For some reason she didn’t let me see any of the wigs in stock or choose from them myself. With a sinking heart I put on the one she selected and from what I could espy from under it, it was suitable for a 1960s fancy-dress party. Where were all those short, chic things I’d seen in the catalogues?

“You want it flicky do you?” she said, when I asked for something short, returning with a different bush of black acrylic that seemed to have been chewed. “It’s a bit rough at the back,” I said. “That’s because it’s flicky,” she said.

I felt like a nuisance so I shoved it on and left hastily, but outside I felt deflated. In my reflection in the shop windows I seemed to be leaning forwards under a bear skin, and it felt as if it was about to lift off, like an over tight egg cosy.

I decided to do visit a salon in Kensington to try and sort myself out.

Happily it was quiet so I could hide my balding pate from curious eyes. I asked a lad called Josh to trim the wig so I could see from under it, and remove the rest of my hair, which was patchy, thin and hanging down in wisps.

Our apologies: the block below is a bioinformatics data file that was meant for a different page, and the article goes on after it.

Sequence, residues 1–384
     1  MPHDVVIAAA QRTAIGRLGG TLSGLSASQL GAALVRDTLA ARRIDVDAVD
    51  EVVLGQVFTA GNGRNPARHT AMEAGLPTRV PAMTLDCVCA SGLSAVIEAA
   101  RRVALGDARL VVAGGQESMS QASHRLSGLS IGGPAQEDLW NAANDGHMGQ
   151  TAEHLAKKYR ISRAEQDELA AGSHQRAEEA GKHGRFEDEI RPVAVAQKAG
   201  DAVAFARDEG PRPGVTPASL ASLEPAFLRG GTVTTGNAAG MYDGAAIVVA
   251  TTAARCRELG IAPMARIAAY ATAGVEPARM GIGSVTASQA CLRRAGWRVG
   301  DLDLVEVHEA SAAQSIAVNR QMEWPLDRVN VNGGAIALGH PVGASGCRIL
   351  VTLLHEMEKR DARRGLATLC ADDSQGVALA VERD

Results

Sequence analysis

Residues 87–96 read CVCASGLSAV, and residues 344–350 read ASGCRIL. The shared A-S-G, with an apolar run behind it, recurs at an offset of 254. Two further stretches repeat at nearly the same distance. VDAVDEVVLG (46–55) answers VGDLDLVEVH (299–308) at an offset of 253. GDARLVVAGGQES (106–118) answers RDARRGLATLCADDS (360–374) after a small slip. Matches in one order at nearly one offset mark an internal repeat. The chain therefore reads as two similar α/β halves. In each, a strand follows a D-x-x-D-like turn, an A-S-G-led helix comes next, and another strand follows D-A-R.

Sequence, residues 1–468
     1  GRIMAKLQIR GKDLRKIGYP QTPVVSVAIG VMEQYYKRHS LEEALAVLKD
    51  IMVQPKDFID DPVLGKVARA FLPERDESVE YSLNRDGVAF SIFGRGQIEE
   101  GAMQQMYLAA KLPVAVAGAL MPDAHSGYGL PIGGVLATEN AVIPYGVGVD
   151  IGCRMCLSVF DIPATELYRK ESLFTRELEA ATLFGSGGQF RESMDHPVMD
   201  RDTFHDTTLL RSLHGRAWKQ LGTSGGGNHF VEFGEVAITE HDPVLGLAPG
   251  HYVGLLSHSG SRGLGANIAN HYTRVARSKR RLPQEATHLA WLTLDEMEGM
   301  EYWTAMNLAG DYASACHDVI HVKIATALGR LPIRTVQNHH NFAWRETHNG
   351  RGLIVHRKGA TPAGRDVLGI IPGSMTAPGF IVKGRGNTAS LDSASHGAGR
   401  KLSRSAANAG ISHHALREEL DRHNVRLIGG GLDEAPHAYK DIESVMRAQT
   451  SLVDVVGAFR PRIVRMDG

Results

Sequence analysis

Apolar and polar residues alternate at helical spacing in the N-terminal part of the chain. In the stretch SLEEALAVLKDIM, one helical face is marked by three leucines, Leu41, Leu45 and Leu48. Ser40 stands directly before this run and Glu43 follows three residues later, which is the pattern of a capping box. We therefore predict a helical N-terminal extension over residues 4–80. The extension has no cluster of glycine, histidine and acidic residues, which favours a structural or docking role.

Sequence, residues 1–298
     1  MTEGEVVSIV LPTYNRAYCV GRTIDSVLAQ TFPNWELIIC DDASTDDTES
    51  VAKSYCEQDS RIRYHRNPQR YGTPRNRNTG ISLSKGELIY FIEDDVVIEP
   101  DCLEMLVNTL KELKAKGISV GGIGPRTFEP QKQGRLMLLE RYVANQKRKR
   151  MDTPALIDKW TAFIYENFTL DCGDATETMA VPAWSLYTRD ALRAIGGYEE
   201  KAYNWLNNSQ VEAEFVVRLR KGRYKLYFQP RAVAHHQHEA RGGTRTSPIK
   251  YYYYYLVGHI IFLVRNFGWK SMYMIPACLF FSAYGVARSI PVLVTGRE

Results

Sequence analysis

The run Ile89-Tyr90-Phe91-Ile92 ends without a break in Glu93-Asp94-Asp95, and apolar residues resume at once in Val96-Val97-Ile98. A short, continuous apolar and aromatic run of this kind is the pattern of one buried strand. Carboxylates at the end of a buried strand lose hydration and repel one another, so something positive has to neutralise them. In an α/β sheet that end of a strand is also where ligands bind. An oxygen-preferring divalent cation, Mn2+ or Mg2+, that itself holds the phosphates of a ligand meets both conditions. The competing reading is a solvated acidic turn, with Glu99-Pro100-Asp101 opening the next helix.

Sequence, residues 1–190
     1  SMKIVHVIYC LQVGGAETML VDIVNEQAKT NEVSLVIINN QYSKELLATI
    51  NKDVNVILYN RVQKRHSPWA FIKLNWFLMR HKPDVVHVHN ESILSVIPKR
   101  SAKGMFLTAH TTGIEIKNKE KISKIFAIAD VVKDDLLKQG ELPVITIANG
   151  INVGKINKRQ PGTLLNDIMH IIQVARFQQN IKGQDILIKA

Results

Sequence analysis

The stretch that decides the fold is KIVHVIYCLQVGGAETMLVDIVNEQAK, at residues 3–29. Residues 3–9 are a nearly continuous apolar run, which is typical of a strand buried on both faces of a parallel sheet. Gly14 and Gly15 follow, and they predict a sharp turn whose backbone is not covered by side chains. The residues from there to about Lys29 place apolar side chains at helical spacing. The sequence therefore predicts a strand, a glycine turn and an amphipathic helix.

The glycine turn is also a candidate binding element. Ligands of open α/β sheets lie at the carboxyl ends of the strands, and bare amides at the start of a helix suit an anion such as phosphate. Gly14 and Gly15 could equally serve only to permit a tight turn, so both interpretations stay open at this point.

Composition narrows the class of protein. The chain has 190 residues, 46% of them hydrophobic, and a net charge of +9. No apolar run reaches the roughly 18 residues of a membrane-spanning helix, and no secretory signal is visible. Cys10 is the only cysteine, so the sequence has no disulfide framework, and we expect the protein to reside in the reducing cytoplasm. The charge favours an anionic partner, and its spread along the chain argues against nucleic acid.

“I’ve never done this before,” he said snipping nervously at the thick acrylic fibres. Then he gently applied an electric razor to my head. We both stared as my white skull appeared, and it looked good! My head had a surprisingly good shape, my ears small and neat.

I looked strangely young and left the salon feeling pleased that going bald had not turned me into a monster at all. I rather cowardly put the wig on to meet a friend for lunch. A waitress glanced at me sympathetically, the way you do at any woman forced to wear a Busby, as you know she must be odd, bald, or Joan Collins.